Let's face it Marathons (and most endurance events over 2 hours) are tough on the body. Markers of inflammation (C-Reactive Proteins), Cardiac and Muscular Stress (Creatine Kinase), Oxidation are all elevated for days or even weeks after a marathon. The general rule of thumb for recovery is one day per mile run which means, for a marathon, 26 days. Very few people who run marathons seem to have the patience for this type of break.
Let's digress for a moment. One nutrition concept that is gaining a lot more popularity at the moment is the use of a fast day where no calories are consumed - only water, black tea/coffee. The benefits of fasting have been well shown in studies.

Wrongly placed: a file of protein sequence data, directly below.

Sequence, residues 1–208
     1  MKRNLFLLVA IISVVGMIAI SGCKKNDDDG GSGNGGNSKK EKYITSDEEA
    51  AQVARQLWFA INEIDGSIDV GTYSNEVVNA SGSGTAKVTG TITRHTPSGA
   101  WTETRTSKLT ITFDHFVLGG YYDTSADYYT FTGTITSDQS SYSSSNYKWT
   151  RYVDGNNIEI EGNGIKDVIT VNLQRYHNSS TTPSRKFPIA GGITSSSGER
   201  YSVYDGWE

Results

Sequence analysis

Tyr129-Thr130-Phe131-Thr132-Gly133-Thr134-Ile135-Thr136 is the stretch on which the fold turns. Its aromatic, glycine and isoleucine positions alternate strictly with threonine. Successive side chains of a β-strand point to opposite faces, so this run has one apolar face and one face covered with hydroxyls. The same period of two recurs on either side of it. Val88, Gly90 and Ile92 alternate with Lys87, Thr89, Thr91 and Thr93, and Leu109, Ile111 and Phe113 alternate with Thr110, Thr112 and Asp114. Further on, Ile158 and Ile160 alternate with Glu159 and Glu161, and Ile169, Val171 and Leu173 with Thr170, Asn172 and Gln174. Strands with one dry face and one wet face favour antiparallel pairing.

- Reduction in Inflammation (C-Reative Proteins)
- Reduction in Cardiac Stress Marker (Creatine Kinase)
- Reduction in Oxidation Markers.
If we go back and re-read the first paragraph you will note that what has been proven to be decreased through the use of a Fast Day are exactly the same markers that are raised after the marathon.
Which means a specifically timed fast day after a marathon or Ironman can rapidly accelerate the recovery process.
It is important immediately after such an event to take in sufficient good carbs/fats to reload glycogen stores and also complete proteins for the rebuilding of muscle (this can also be supplemented with Branch Chain Amino Acids). A study from the Australian Institute of Sport showed that glycogen storage typically peaked after 24 hours which means immediately after the marathon and the following day load up with good quality carbohydrates, fats and proteins. A higher level of fat will increase the production of leptin (which manages the 'fullness' feeling) negating the hunger feeling on the fast day.
Even if you are not recovery from a marathon a fast day can be of benefit.